Northern Ireland

Analysis: Much of the blame for Lough Neagh catastrophe can be laid at Stormont's door

As the debate about taking Lough Neagh into public ownership intensifies Political Correspondent John Manley argues that Stormont has consistently failed to safeguard Ireland's largest water body...

Toxic algae and green algae sludge on the shores of Lough Neagh. Picture by Alan Lewis
Toxic algae and green algae sludge on the shores of Lough Neagh. Picture by Alan Lewis Toxic algae and green algae sludge on the shores of Lough Neagh. Picture by Alan Lewis

The catastrophe that has unfolded on Lough Neagh over recent months is the result of neglect and the failure of both politicians and civil servants to take responsibility for safeguarding our natural heritage.

Ireland's largest fresh water body has been plundered and polluted to a level that it can no longer withstand. The result is an environmental disaster that may have already gone past the point where it can be effectively redressed.

Its current state highlights the short-sightedness of vetoing the establishment of an independent environmental protection agency and then actively encouraging the intensification of agricultural production.

Human sewage, whether pumped directly into the water or leeching from septic tanks has also had a detrimental impact on water quality, exacerbated by an increase in the water temperature due to climate change and the presence of invasive zebra mussels.

The sight of potentially lethal blue-green algae blooming across swathes of the lough has revived the debate about its ownership.

The Earl of Shaftesbury, whose claim to the bed of the lough and its banks dates back centuries, is often cited as the cause of many of today's ills.

However, he does not own the water in Lough Neagh and is not responsible for maintaining its quality – this is the responsibility of various government departments and agencies.

The earl has made significant profits from the extraction of sand from the bed of the lough over decades but this was carried out with the agreement of numerous direct rule and devolved administrations. The absentee landlord can't be held responsible for problems over which he has no control.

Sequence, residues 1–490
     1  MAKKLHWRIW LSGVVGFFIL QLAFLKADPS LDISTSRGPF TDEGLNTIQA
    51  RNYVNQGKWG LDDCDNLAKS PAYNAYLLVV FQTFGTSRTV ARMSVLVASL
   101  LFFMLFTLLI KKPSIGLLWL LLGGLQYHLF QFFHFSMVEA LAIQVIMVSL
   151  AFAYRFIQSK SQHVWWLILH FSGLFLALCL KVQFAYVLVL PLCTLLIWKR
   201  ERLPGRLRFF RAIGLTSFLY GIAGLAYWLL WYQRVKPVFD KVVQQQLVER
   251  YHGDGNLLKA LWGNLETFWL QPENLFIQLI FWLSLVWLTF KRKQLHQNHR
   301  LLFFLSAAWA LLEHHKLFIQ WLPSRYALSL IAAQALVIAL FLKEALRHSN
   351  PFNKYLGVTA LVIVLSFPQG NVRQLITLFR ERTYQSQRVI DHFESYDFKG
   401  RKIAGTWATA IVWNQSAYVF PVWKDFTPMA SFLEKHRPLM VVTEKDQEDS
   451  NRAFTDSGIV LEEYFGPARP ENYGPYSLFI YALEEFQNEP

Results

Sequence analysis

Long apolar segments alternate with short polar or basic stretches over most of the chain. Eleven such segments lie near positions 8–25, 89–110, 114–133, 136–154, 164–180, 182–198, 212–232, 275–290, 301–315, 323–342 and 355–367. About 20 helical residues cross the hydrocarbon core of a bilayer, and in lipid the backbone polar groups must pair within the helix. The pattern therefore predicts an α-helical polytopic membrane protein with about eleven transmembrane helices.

Across generations there's been a lack of decisive action by politicians of all hues that would have protected this valuable asset. 

In 2020, the then infrastructure minister Nichola Mallon approved continued sand dredging in Lough Neagh, which had been carried out completely unregulated over previous decades.

The SDLP minister said she had made a "finely balanced decision" and concluded that dredging would cause "no adverse effect" to the lough's protected areas".

Eight years earlier, following an assembly debate, the then agriculture minister Michelle O'Neill established a working group to conduct a 'scoping study' about taking Lough Neagh into public ownership.

The group was made up entirely of civil servants – three from the Sinn Féin minister's own department and its arm's length bodies and one each from the departments of regional development, environment, enterprise, and culture, arts & leisure.

It carried out an "informal consultation" with no less than 57 groups, ranging from Invest NI and the Ulster Farmers Union to Friends of the Earth and the National Trust. 

Read more: 

  • Lough Neagh could take two decades to return to 'good' ecological status, agency warns
  • John Manley: Time to face facts about legendary Lough Neagh

It took some two years before the group's report was published. It found there was both support and opposition for bringing the lough into public ownership, while there was consensus on the need for improved management.

The working group concluded that there were no "tangible benefits to the effective management of the lough, should it be brought into public ownership". Neither did any of Stormont's departments believe nationalisation would have any advantages, so with the executive's blessing they supported the status quo.

"The implementation of a potential new, overarching management structure is considered to be the best approach to delivering the diverse range of objectives sought by stakeholders," it said.

Regrettably, an effective management plan was never put in place, contributing to the catastrophe we're witnessing today.

Anthony Ashley-Cooper, the 44-year-old earl who inherited the title after his elder brother died suddenly in 2005, is said to be receptive to the idea of selling the lough, if conditions are right and a proper management structure can be put in place.

That would require foresight and courage from our politicians, who for the time being can claim they are hamstrung by the absence of an executive.

It'll be interesting to see if things are done any differently if and when the institutions are restored.